Cedric Watson and Bijou Creole

Date/Time
Date(s) - Friday 04/19/2013 - 04/20/2013
11:00 pm - 1:00 am

Cedric WatsonResurrecting the ancient sounds of French and Spanish dances alongside the spiritual rhythms of the Congo tribes of West Africa, Louisiana musician Cedric Watson and band members Bijou Creole are bringing their passionate music to North Troy!

One of the most promising talents to emerge in Cajun, Creole, and Louisianan Zydeco music, Cedric Watson is a four-time Grammy nominee from San Felipe, Texas, who made his first public appearance in Houston at age 19.

“An aggressive and gifted reanimator of Louisiana Creole music, Cedric Watson sings in entrancing brays and yelps and plays fiddle and accordion in cocksure fashion.” – The New York Times.

Watson received a Grammy nomination for his self-titled debut album, released in 2008. He has performed on six additional full-length albums, including three with his own band, Bijou Creole – members: D’Jalma Garnier (fiddle and guitar), Ryan Poullard (drums), Lance Boston (clarinet), and “Zydeco” Mike Chaisson (percussion).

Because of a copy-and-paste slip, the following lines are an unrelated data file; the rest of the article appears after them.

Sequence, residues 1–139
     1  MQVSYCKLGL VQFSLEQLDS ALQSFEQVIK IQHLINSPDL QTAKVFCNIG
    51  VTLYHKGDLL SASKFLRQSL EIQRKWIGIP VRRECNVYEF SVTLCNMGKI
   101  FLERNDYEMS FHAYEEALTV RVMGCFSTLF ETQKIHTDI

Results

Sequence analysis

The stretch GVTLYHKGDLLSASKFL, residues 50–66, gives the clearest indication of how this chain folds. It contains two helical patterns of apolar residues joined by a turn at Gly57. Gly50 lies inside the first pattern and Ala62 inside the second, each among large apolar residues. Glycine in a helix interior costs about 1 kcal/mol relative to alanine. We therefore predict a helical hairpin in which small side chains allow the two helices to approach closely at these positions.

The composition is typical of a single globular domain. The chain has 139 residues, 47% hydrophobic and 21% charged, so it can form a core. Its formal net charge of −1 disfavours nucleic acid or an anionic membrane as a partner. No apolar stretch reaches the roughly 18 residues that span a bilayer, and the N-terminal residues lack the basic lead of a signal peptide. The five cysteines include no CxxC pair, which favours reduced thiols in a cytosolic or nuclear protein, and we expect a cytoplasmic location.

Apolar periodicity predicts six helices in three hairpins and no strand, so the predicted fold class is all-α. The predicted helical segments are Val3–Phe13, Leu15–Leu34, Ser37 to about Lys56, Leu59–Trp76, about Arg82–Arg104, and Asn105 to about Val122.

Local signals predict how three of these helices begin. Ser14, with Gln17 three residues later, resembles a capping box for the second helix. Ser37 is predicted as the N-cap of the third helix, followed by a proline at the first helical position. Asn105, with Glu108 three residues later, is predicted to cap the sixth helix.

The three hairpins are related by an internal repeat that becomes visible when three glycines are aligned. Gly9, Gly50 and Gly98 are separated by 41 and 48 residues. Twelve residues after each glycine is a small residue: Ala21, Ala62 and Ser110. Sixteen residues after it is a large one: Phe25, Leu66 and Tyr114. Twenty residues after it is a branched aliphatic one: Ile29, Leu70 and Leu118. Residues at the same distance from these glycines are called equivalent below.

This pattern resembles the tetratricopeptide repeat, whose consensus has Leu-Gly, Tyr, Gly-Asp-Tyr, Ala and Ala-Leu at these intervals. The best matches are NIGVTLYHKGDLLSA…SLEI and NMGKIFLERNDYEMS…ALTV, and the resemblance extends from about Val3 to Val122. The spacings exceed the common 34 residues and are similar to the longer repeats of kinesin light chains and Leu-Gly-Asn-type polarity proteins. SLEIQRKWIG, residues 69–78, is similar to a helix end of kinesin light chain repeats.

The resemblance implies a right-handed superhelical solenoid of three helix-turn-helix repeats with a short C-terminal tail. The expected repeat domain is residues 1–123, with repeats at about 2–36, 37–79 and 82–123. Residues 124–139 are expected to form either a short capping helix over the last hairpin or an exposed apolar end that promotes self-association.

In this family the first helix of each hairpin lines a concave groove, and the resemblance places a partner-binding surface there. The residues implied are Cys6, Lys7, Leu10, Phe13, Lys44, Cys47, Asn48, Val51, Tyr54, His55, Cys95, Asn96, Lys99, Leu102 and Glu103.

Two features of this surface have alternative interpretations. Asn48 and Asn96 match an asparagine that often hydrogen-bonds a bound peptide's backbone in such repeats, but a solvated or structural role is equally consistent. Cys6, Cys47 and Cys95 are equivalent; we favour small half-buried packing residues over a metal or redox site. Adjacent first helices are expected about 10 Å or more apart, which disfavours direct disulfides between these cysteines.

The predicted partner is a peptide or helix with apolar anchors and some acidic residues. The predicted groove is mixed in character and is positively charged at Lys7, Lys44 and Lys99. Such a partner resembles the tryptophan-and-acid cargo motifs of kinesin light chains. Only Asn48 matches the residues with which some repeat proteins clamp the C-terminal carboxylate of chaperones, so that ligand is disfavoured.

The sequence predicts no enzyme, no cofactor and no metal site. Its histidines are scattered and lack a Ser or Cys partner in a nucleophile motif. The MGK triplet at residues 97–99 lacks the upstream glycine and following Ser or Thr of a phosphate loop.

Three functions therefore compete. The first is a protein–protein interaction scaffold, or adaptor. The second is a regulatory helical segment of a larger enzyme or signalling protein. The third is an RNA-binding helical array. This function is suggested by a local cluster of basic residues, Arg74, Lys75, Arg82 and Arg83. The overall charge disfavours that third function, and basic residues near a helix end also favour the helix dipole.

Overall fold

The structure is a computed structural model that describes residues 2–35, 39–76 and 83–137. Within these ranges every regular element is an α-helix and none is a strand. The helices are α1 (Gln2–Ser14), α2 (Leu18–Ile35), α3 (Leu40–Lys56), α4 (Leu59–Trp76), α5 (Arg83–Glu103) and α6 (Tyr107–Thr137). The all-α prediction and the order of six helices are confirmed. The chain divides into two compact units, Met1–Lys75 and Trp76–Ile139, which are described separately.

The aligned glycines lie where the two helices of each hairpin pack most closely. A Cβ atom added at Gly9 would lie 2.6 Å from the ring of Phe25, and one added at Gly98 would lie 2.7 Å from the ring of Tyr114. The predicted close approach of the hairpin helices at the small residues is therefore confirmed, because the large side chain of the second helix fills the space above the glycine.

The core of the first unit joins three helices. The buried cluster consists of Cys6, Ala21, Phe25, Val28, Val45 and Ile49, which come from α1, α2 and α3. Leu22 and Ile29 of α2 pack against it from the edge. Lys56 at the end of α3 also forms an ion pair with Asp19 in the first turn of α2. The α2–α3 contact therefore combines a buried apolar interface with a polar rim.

Brown Paper Tickets logoAs a singer, fiddler, accordionist, and songwriter, Watson is a diverse young artist whose repertoire ranges from old Creole melodies to more modern Cajun and Zydeco songs. The band also draws on various musical styles, often incorporating bluegrass or string band numbers into performance sets. Additionally, Watson composes almost all of the band’s songs on his own accordion. The band’s 2009 release L’ésprit Créole received a Grammy nomination and featured entirely original material. In 2011, Watson and the band released their self-produced album Le Soleil est Levé. The album features Watson’s special mix of Caribbean and Cajun flavor, crossing international barriers while delivering songs of joy.

Drawing on their mixed cultural heritage and varied musical backgrounds, Watson & Bijou Creole combine Spanish, African, French, and Native American sounds to make a unique tapestry during their performance which “runs the gamut” of Cajun and Creole music.

“[I]t manages to retain an organic quality that makes for an engaging listen. … Stirring vocals weave expertly around and through well-crafted rhythms and melodies.” – Living Blues.

Watson finds the interrelation of cultures in his music extremely important, particularly the Native American rhythms, and works to create a unique sound that is at once both progressive and nostalgic.